He also toured in stage plays, including “All My Sons” and “Cyrano de Bergerac.”
Mr. Carey originated the role of the billionaire Asa Buchanan in 1980 and played him until the character died in his sleep, in August 2007. But Mr. Carey was brought back in video wills and was last seen on the show on Dec. 29.
He is survived by his wife, Colleen, and their two children, Shannon and Sean, as well three children from a previous marriage, Lisa, Linda and Jeff.
SOURCE: The New York Times:
By Allan Bernstein
Copyright 2009 Houston Chrinicle

Feb. 11, 2009, 6:38AM

Sharon Steinmann Chronicle
Former City Councilwoman Eleanor Tinsley advocated beautification efforts in Houston and championed the city’s 1980 sign ordinance to regulate billboards.
Visitation and memorial service for Eleanor Tinsley
Memorial service at 11 a.m. Saturday at South Main Baptist Church, 4100 Main, where she was a member and had taught Sunday school. Cremation to follow.Family members will receive visitors 4-6 p.m. Thursday on the Allen Parkway side of Eleanor Tinsley Park, just west of downtown Houston.

Few genteel teachers of piano and the Bible go on to win political battles for school desegregation, smoking bans, billboard regulation, bicycle helmet requirements, gay rights and park space. In fact, Eleanor Whilden Tinsley may have been the only one.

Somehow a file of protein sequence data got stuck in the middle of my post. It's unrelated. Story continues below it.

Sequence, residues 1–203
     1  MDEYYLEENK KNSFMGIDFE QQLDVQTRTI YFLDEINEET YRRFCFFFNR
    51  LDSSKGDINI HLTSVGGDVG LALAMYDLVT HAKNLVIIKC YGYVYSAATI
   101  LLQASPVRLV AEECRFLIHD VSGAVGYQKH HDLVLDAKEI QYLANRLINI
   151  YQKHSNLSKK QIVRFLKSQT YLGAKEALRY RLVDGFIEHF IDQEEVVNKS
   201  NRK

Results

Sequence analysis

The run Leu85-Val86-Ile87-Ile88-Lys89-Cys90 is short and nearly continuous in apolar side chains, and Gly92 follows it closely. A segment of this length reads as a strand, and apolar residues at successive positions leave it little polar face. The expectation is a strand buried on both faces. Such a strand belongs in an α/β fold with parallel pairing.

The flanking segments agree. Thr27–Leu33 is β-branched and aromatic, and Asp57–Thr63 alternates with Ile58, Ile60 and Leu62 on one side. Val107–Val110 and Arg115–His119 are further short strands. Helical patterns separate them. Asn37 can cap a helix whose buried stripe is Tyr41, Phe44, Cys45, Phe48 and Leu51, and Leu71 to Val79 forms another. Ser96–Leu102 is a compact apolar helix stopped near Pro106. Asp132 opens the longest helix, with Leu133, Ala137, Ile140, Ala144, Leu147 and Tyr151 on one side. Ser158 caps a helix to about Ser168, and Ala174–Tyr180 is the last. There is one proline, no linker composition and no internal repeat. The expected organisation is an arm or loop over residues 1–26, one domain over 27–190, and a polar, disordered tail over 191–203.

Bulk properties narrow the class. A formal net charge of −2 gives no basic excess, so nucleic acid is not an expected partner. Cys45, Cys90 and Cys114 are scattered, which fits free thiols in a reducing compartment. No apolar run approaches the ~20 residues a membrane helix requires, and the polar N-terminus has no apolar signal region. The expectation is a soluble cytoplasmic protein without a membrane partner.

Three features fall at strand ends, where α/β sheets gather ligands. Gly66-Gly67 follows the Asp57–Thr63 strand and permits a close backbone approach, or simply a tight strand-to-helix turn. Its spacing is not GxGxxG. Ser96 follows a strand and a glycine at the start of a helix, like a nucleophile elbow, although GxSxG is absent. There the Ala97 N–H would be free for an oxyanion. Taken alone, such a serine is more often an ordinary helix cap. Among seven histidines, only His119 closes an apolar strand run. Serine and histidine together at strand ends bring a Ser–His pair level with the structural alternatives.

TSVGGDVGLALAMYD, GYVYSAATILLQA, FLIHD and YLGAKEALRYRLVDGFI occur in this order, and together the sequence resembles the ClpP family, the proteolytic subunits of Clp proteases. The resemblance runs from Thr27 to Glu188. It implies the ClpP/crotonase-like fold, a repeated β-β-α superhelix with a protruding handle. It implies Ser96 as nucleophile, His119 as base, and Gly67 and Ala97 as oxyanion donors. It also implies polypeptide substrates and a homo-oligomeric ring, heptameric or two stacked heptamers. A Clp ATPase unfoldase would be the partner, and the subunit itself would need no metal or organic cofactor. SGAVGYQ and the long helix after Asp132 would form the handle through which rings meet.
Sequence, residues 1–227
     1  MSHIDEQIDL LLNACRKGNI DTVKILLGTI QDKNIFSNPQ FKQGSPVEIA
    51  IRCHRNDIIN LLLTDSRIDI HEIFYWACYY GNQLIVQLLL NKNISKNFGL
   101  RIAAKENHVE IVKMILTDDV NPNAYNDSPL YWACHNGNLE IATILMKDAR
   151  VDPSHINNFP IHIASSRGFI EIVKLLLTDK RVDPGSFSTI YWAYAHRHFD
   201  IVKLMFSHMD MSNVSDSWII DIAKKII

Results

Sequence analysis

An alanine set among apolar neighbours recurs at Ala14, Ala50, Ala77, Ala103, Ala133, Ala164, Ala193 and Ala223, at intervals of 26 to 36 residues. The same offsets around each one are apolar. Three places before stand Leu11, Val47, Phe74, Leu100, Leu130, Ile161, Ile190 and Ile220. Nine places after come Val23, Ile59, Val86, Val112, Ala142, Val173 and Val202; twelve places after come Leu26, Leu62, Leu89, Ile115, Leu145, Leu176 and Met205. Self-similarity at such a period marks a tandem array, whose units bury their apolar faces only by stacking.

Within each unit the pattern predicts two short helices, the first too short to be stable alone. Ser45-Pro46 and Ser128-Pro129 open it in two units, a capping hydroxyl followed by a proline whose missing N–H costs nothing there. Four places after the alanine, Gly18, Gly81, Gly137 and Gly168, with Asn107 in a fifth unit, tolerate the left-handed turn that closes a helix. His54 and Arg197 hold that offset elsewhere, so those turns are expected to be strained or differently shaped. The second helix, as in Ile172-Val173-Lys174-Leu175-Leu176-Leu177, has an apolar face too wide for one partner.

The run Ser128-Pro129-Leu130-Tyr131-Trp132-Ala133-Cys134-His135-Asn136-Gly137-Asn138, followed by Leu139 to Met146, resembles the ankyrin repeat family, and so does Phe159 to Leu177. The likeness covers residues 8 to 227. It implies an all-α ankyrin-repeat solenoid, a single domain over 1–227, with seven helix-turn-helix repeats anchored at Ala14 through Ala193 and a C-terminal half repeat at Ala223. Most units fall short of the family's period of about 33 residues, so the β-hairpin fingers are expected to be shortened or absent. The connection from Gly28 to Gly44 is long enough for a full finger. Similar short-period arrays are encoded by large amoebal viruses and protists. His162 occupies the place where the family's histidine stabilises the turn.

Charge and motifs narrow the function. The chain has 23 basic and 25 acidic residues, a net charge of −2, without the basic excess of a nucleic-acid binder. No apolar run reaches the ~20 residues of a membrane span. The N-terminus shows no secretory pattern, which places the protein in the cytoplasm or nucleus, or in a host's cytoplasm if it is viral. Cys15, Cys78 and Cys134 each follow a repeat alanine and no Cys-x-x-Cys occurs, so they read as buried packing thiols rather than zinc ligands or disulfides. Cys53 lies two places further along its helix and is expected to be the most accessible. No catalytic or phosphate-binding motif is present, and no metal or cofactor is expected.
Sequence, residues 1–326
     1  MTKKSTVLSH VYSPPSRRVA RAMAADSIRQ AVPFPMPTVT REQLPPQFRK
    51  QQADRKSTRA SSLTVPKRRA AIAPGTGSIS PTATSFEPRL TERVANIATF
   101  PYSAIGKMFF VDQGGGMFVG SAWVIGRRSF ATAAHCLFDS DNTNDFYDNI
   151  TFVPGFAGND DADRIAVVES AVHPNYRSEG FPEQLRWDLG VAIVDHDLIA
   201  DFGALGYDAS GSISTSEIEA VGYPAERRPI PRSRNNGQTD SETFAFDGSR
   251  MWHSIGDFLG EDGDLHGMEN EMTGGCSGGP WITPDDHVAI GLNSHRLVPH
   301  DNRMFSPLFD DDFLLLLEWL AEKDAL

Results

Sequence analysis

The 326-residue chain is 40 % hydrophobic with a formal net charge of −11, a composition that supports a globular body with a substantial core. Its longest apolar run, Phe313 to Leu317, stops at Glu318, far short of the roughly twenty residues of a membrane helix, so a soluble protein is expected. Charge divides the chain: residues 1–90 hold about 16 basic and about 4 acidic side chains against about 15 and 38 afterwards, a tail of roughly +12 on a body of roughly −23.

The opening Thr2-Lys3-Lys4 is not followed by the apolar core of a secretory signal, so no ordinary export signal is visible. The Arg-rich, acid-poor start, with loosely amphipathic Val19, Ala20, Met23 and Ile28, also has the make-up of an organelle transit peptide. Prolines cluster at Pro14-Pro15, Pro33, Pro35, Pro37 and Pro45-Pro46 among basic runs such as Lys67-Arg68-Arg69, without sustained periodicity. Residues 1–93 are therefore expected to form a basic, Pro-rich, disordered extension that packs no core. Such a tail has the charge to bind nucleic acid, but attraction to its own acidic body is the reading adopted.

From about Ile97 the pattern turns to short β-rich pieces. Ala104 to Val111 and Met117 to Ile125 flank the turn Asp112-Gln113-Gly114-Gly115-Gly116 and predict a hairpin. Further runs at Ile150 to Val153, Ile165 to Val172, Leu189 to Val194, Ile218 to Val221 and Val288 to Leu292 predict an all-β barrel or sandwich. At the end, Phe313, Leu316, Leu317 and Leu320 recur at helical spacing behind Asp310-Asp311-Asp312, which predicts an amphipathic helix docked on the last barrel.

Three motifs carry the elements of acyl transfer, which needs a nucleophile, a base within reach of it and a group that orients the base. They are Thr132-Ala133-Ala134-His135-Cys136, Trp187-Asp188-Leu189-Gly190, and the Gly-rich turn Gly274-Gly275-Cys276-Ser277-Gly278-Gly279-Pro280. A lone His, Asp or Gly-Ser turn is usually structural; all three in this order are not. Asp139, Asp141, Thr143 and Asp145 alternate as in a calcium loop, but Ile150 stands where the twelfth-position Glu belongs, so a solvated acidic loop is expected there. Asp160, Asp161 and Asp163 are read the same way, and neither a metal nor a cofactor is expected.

The former Houston school board chair and city councilwoman died of cancer Tuesday at 82, a dozen days after she was honored at a fundraising luncheon for the local branch of Planned Parenthood. There, she told the audience why friends frequently brought her turtle-shaped objects from around the world. Turtles were her personal symbol, she said, because they only get things done when they stick out their necks.


The critics who portrayed Tinsley as the raging queen of liberal causes, government over-reaching and the “nanny state” were hardly the most venomous of her enemies.


Unidentified people threw grease, garbage and black roses on her southwest Houston lawn during school integration in the early 1970s, friends and former aides recalled Tuesday.


Death threats forced city officials to remove her name from a reserved City Hall parking space in the early 1980s as she pushed for fluoridization of the east side water supply.


As she successfully sought the removal of hundreds of billboard advertisements, which she considered visual pollution, a sign company used one of the boards in 1988 to portray “Tinsley Town” as a city hit by related job losses. Her response: “As a public official, I’m not going to be squelched or have a muzzle put over my mouth.”


All this about a Dallas native whose great grandfather, Rufus C. Burleson, was president of conservative Baylor University in the late 1800s. Tinsley was a Baylor graduate, too.

‘A shining example’